13. Now it is time to let your wine age. You will need to rack it and add additional SO₂ every 3 months. Make sure you sanitize all equipment and containers when racking and keep them topped off within ½”. Come visit Musto Wine Grape for bottling advice and supplies.

The Winemaker’s Think Tank: Vol 6 – Do I Add Yeast to My Wine?

Wine expert testing wine silhouette image

What’s the Winemaker’s Think Tank? 

Every Thursday we will post about a few frequently asked questions that our winemaker has answered. If you have a winemaking question you would like to have answered, please email us at support@juicegrape.com and we will try to get into next week’s post. Cheers! :)

Do I Add Yeast to My Wine?

Some winemakers prefer what is called a “natural method” of fermentation, by allowing the yeast that live on the grape skins to ferment the must into wine. While these yeast can start the process of fermentation, they generally have too low of a population and alcohol tolerance to successfully finish the fermentation process. The most successful fermentations are conducted with lab cultured yeast cells. This is not to say that this method isn’t natural as well. Scientists travel to famous wine growing regions to obtain samples of the natural yeast flora that exist in those environments. They take these samples back to the lab and culture them, breeding select and healthy populations that can be packed and sold to winemakers all over the world. These selected yeast strains have a higher alcohol tolerance and have had the benefit of many trials and research conducted on their behalf to see exactly how they affect a wine. By using these strains you will not only have a more successful fermentation, but also more predictable results rather than the unpredictable results of the wild flora “natural yeast” that live on the skins. Through their research, scientists have found that certain yeasts promote certain attributes of the wine such as color security, fruit characters, spice flavors, and acid reduction. A vintner may select one of these commercially bred strains to get the desired effect they would like in their end product.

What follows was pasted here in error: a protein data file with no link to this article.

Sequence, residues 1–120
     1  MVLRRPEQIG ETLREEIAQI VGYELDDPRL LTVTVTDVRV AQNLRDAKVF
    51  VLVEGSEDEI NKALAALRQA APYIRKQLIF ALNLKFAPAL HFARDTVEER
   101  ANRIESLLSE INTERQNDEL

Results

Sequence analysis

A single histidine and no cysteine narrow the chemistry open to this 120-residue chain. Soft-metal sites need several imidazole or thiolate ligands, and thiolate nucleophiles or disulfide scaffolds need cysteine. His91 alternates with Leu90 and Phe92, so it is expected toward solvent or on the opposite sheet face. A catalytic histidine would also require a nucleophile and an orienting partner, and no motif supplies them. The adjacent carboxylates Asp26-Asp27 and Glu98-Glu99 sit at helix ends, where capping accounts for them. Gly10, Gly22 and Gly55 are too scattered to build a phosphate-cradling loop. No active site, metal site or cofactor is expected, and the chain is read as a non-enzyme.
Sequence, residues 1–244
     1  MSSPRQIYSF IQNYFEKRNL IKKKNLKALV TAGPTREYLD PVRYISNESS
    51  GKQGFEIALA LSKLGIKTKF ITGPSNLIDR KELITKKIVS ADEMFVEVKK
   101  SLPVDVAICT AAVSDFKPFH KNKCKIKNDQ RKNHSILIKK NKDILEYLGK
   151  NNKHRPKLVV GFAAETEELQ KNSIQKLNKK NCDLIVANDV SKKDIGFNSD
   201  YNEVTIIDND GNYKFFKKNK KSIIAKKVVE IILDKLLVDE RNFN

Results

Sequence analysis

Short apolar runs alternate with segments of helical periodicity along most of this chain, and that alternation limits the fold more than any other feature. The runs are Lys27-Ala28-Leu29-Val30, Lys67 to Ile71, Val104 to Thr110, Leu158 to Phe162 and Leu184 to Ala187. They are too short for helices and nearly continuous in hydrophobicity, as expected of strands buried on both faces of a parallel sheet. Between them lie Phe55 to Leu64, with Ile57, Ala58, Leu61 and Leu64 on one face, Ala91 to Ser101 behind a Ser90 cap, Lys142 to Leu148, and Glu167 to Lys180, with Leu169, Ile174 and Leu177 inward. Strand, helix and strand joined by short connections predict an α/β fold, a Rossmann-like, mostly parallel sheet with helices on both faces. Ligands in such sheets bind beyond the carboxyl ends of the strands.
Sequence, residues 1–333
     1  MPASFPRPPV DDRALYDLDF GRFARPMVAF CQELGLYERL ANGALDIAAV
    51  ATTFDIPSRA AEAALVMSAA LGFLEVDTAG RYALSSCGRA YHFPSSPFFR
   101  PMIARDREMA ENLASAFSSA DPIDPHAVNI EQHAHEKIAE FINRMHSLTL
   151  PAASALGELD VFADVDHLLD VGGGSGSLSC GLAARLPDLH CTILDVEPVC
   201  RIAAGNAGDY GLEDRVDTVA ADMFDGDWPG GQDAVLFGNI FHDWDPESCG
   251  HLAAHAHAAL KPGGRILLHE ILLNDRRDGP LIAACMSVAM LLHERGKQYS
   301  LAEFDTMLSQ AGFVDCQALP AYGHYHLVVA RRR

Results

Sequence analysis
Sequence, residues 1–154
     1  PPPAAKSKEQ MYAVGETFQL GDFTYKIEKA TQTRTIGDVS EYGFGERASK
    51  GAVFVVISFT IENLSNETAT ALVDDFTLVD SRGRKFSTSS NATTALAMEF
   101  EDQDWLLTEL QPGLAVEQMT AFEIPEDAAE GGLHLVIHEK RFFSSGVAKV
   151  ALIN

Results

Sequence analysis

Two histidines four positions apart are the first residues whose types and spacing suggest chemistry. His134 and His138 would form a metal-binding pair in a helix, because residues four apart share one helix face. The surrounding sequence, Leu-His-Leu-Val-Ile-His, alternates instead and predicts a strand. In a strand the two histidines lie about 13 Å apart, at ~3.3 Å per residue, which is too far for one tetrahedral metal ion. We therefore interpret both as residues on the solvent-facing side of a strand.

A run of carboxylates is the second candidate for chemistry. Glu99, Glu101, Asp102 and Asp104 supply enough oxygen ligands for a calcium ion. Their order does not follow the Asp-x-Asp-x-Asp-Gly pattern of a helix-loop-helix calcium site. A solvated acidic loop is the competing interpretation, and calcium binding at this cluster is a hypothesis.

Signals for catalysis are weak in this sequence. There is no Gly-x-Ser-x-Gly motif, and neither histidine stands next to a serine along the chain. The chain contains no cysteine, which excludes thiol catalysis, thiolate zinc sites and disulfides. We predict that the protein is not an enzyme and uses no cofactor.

We hope this information helps with your winemaking. If you have any follow up questions or winemaking questions in general, please email us at support@juicegrape.com. 

Yeast Starter Instructions Up on Youtube!

Hello Winemakers!

We are excited to release our newest video – “Yeast Starter Instructions.” In the video Winemaker Frank Renaldi teaches us how to correctly create a Yeast Starter for your fermentation.  Please feel free to visit our YouTube Page for more videos HERE.

Cheers! :)

Yeast Pairings for Chilean Wine Grapes

Yeast Pairings for Chilean Wine Grapes

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Cabernet Sauvignon: BM45, BM4X4, D80, RC212, D254

Cabernet Franc: BM45, RP15, D254, D80, BDX

Carmenere: BDX, D254, RP15

Malbec: BDX, D254, RP15

Merlot: BDX, D80, RP15, D254

Petite Verdot: BM4X4, D80, D254

Pinot Noir: RC212, BM45

Syrah: BDX, D80, D254

Chardonnay: QA23, VIN13, D47, COTE DES BLANCS

Pinot Grigio: 71B, VIN13, QA23, R2

Sauvignon Blanc: VIN13, QA23, R2, D47, V1116

Viognier: VIN13, R2, D47

 

Which yeast will you use? :)

Also, don’t forget to watch our Youtube Video on “Yeast & Stuck Fermentation”

Cheers! And Happy Winemaking!